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TWU opposes bill that would ban Central Park horse carriages


Martin Vazquez, 39, held out his hand for his wife Sofia, 37, as she stepped out of a pedicab on Central Park South on Labor Day. The married couple of eight years consciously chose for their spontaneous ride around the 842-acre park to be with a pedicab and not with a horse-drawn carriage.

“We just don’t feel comfortable riding the horses especially on a hot day,” said Sofia. “They shouldn’t be working all day like this.”

Behind the couple from the Bronx were about a dozen more horse-drawn carriages, all now at the heart of a reignited debate to replace horse carriages in favor of electric carriages. The reinvigorated discussion about the famed horse-carriage rides in Central Park took shape in recent weeks following incidents, some captured on video, of horses collapsing and running into oncoming traffic.

Among those who want to phase out the horse-drawn rides is Council Member Robert Holden, who introduced a bill that would effectively end the horse-carriage industry in Central Park. If the bill becomes law, horse carriages would be phased out and replaced by electric-powered carriages by June 2024, with the drivers of the horse-drawn buggies given priority for licenses for horseless carriages they would either sell or lease. The city would cap the number of those licenses it would issue. 

But TWU Local 100, which represents the Central Park carriage drivers, is concerned that the possible change could lead to a dramatic decline in riders and in turn, drivers' wages. “Nobody wants to ride an electric golf cart,” said Christina Hansen, a communications liaison for the local  “Essentially you’d be putting the carriage drivers out of work or giving them a business that they could no longer support themselves or their families.”

Holden, though, argues that the carriage drivers would actually be better off with a shift away from horse carriages. He points to examples from around the world, such as Guadalajara, Mexico, where a swap to electric carriages has proven beneficial to both riders and drivers.

‘Nothing makes any sense’

If Holden’s bill is passed into law, the drivers would be required to be paid union wages set by the city comptroller. “There’s a much better chance of carriage drivers owning the (electric carriage) than there ever be of them owning a $200,000 horse,” said Holden, who represents portions of Queens on the Council. “They’d end up better than they are now.”

But Hansen contends that tourists come to Central Park to ride in a horse carriage, not an electric one, and points to other options, such as pedicabs and motorized scooters. “They’re going to force us to get rid of our horses and they’re going to tell us you have to drive these city-owned vehicles and there is nothing in there that makes any sense,” she said. “It’s fundamentally an anti-horse bill.”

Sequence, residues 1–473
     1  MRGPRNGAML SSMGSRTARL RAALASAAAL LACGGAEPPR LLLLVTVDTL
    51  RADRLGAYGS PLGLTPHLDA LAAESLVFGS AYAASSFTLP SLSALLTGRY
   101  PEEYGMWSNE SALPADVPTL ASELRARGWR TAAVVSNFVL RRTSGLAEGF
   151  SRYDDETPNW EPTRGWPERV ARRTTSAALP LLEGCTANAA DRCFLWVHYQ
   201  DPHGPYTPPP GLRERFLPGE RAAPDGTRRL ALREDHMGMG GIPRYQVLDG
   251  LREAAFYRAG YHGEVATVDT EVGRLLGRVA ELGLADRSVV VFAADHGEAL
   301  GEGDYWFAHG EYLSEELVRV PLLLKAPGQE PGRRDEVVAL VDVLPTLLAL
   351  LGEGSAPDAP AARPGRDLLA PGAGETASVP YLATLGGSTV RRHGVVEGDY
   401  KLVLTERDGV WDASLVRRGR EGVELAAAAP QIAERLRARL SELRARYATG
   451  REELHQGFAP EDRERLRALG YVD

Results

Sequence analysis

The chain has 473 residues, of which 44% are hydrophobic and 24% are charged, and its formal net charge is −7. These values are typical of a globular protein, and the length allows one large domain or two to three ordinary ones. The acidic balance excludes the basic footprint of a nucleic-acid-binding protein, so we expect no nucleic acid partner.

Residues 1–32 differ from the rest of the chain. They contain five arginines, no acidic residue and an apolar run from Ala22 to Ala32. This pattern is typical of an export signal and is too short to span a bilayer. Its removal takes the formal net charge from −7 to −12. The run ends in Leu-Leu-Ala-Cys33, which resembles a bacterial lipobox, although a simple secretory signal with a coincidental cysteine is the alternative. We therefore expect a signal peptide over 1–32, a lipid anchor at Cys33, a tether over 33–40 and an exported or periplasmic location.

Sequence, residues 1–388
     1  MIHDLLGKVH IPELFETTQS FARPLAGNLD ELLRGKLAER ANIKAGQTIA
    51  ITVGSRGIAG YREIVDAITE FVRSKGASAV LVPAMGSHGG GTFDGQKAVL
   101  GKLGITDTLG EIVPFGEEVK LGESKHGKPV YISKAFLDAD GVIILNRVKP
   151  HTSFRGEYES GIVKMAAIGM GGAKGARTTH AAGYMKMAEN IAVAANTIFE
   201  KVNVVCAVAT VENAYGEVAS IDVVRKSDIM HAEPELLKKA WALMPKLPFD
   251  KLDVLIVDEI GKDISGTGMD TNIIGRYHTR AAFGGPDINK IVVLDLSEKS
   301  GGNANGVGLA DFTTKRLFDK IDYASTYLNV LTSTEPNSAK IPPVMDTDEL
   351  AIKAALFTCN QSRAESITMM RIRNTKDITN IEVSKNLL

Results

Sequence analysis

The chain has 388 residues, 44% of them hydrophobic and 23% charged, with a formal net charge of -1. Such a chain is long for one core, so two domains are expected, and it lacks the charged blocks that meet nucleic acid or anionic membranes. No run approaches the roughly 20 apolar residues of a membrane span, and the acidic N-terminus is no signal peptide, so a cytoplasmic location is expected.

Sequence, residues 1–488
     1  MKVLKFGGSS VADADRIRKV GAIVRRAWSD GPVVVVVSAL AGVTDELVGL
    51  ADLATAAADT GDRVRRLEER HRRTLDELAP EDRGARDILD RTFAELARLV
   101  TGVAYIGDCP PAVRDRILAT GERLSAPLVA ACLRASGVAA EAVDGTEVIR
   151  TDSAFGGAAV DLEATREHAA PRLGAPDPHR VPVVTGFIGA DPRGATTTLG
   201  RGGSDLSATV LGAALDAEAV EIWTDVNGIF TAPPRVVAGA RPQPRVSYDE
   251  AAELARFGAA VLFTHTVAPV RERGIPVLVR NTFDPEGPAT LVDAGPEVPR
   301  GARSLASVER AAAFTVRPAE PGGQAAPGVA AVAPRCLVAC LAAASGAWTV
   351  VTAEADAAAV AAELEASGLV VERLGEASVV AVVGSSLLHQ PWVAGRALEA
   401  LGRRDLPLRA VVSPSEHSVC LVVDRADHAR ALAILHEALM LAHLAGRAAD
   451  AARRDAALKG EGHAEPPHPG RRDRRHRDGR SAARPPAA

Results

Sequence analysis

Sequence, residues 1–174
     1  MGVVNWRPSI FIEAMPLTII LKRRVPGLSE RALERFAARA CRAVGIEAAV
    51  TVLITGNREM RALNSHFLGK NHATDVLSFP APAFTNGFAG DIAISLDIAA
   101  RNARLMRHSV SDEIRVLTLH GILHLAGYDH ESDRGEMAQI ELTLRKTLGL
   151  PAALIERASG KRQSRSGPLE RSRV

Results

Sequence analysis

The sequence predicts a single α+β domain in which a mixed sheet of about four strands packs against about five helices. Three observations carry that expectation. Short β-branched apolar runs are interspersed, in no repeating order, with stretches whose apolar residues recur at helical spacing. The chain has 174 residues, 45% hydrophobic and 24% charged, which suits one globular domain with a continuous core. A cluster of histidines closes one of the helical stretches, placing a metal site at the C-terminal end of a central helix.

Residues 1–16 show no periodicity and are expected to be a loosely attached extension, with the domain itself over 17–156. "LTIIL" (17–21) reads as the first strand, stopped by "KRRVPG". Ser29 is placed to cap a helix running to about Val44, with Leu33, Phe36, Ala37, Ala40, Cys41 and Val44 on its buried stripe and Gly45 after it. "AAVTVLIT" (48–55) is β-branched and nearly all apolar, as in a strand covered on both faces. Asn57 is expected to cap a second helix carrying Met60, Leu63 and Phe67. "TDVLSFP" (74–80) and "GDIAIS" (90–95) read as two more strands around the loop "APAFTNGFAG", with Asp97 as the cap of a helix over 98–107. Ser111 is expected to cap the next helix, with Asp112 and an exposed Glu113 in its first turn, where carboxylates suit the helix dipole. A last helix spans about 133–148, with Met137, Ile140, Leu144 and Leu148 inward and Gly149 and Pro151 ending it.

A recent poll indicated that 71 percent of  city voters were in favor of a ban on horse carriages, which date to the 1860s. 

The electric carriages that would replace the horses are low-speed vehicles that can travel up to 25 mph to meet city traffic demands but would be limited to just 3 mph within Central Park.

Eric McClure, the executive director of StreetsPAC, is against any kind of motorized vehicles within Central Park. “We think it resets a bad precedent given all the effort it took to remove cars from the park,” said McClure.

Edita Birnkrant, the executive director of New Yorkers for Clean, Livable, and Safe Streets, an animal rights organization that wants the horse carriages banned, points to the worldwide outrage that has come from the viral videos of horses collapsing. She says it’s time for TWU Local 100, which represents about 300 horse-carriage drivers and owners, to see the writing on the wall.

“The smart thing for the union to do would be to realize this is happening, get on board, and look at it as a positive thing,” Birnkrant said. “Otherwise, if they don’t wish to drive the electric carriages there will be a line around the block of other people that would love that job.”

In an effort to find a compromise with detractors, Local 100 officials have proposed building a stable inside of Central Park so that horses wouldn’t have to travel across traffic. 

While the debate surrounding a possible horse ban has been a hot topic this summer, the issue has been at the center of heated discussions over the years. Two years ago, NYCLASS and other animal-rights groups lobbied city officials and gained legislation that confined the horse carriages to Central Park and prohibited the rides during extreme heat. 

Holden’s bill, which has 13 co-sponsors, will be taken up by the Committee on Health. “This is the right thing to do for the horses. This is the right thing to do for the workers,” Birnkrant said of Holden’s legislation. “So many people want nothing to do with a carriage horse.”



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